A LONELY MAN by Chris Power (Faber £14.99, 320 pp)
A LONELY MAN
by Chris Power (Faber £14.99, 320 pp)
Well-constructed spy stories about lost and lonely men are a rarity these days.
Robert, a British writer living in Berlin with his Swedish wife and two young daughters, is two years late with his as yet unwritten novel when he meets a fellow Brit, Patrick, who has a story ripe for stealing.
Patrick had been commissioned to ghost-write the memoir of a fabulously rich Russian exile and critic of Putin’s government, when the emigre is found hanging in a British wood. The official verdict is suicide, but Patrick is convinced otherwise and is equally convinced he is now being watched by Russian agents.
Robert, who privately starts novelising what Patrick has told him, thrilled at last to have a subject, is initially sceptical about Patrick’s fears, but paranoia is infectious, particularly in a city like Berlin.
John le Carré and Roberto Bolano are acknowledged, but unobtrusive influences on this slippery, ambiguous thriller, which compensates for the odd bit of clunky exposition with an all-too-plausible portrait of the lengths to which both states and individuals will go to seize ownership of a story.
NAMES OF THE WOMEN
by Jeet Thayil (Cape £15.99, 192 pp)
Just in time for Easter, here comes an alternative story of the Crucifixion, told from the perspectives of 15 women from the New Testament whose lives and stories have been largely forgotten.
Jeet Thayil, an award-winning Indian novelist and poet, has picked a fertile subject — Jesus had many women disciples not acknowledged in the official 12 — and treats his material with the respect it deserves while bringing to bear a lively feminist imagination to historical female figures, some of whom have only brief mentions in the gospels.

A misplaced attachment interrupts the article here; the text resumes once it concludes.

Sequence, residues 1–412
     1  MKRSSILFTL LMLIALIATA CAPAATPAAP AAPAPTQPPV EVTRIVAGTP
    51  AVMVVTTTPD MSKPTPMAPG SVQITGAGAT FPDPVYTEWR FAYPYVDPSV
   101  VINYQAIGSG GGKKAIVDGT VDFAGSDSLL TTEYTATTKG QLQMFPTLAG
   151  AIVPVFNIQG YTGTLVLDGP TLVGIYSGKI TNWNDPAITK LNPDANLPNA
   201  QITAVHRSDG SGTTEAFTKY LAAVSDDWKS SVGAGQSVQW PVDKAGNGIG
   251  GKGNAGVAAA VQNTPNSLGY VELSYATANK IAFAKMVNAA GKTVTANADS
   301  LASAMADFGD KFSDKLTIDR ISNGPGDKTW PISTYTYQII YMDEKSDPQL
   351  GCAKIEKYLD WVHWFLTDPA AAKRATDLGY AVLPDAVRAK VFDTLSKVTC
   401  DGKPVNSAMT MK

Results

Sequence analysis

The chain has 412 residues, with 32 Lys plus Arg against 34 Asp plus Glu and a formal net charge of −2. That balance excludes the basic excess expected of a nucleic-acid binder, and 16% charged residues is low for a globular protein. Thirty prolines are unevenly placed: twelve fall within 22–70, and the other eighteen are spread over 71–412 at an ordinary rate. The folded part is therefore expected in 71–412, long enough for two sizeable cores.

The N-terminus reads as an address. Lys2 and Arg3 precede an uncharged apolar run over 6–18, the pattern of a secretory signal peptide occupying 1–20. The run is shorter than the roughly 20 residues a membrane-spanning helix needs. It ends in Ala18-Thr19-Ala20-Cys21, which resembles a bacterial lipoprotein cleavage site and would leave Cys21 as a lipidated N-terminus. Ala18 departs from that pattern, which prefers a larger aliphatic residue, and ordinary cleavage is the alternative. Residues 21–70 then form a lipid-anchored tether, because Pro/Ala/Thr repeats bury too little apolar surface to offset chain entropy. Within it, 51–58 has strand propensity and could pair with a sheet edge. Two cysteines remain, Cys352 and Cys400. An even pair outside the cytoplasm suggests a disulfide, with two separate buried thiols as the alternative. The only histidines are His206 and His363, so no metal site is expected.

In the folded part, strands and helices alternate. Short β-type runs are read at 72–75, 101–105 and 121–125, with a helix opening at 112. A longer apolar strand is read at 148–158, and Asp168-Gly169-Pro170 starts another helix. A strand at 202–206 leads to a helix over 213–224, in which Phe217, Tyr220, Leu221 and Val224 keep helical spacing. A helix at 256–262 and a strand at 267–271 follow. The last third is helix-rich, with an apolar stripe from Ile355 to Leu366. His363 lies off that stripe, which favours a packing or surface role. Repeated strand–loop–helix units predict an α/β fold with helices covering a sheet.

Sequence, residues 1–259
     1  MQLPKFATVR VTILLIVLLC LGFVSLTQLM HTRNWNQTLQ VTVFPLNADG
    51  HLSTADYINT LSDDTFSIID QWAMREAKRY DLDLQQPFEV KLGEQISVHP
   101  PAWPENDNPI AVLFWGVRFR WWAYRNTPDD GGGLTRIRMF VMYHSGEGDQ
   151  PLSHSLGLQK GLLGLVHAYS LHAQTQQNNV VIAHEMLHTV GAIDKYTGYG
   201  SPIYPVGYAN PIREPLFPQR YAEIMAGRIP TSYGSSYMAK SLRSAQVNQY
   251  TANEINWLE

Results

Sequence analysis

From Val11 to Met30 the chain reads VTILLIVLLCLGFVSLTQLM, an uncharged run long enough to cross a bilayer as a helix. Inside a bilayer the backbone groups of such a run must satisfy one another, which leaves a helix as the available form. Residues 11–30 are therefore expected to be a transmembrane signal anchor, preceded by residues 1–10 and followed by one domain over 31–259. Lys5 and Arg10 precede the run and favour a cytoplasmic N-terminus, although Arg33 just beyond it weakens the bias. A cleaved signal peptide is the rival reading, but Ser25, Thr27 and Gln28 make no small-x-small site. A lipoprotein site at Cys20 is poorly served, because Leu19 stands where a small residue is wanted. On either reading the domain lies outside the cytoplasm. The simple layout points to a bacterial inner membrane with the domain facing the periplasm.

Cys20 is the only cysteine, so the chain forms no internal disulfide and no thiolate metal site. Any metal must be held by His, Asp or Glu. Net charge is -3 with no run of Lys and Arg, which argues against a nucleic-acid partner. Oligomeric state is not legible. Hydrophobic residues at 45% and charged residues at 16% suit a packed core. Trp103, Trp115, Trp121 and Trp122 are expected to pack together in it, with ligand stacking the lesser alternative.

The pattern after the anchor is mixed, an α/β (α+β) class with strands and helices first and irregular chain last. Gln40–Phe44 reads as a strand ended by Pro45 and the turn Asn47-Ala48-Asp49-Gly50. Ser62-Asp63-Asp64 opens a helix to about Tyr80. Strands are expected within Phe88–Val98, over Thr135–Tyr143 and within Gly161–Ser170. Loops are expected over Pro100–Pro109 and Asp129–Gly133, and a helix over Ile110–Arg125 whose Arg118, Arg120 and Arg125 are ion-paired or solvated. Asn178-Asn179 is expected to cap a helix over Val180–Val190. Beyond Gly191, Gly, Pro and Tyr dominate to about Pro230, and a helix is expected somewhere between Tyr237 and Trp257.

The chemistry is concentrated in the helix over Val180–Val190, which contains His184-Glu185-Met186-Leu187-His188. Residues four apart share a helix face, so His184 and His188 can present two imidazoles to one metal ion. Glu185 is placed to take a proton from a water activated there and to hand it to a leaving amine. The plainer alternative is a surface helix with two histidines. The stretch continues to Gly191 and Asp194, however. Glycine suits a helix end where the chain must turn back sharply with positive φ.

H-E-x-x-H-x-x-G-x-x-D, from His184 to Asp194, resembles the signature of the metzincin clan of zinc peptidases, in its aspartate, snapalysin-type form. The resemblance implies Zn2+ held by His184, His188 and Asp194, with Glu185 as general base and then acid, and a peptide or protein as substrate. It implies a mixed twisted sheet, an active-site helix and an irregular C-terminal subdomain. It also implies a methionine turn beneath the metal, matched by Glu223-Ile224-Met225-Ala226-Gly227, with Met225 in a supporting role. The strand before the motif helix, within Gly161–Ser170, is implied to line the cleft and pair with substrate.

So Susanna, known as the Barren, wonders whether her husband is the one with fertility problems rather than her, while Mary Magdalene is rehabilitated from her (erroneous) reputation as a prostitute.
The more knowledge you have of the New Testament, the more rewarding this revisionist novel becomes. And if your knowledge is scant, these fascinating tales will likely send you scampering back for a quick refresher course.
BITTERHALL by Helen McClory (Polygon £8.99, 368 pp)
by Helen McClory (Polygon £8.99, 368 pp)
This odd, ghostly, shape-shifting novel from a rising Scottish writer is narrated in turn by Tom, Daniel and Tom’s girlfriend Orla, who meet when Tom moves into Daniel’s house-share.
Daniel works in 3D printing and is enthralled by the possibilities of making copies of precious items too valuable for museum display cases. Orla is working on a PhD in codicology, while Tom works in PR marketing. Daniel fancies Tom, Tom finds himself drawn to Daniel, and Orla seems happy enough somewhere in the middle. But the dynamic between them is thrown off course when Tom reads a diary purportedly written by a 19th-century gentleman murderer, James Lennoxlove, and starts to unravel.
Each character narrates the same events in subtly different ways as Tom’s reality and that of the diary start to merge in a novel playfully alert to ideas of authenticity, possession and the malleable nature of narrative.
McClory’s roving gothic imagination has a hint of Mary Shelley, yet as her story rambles on I confess I found myself not always willing to keep up.
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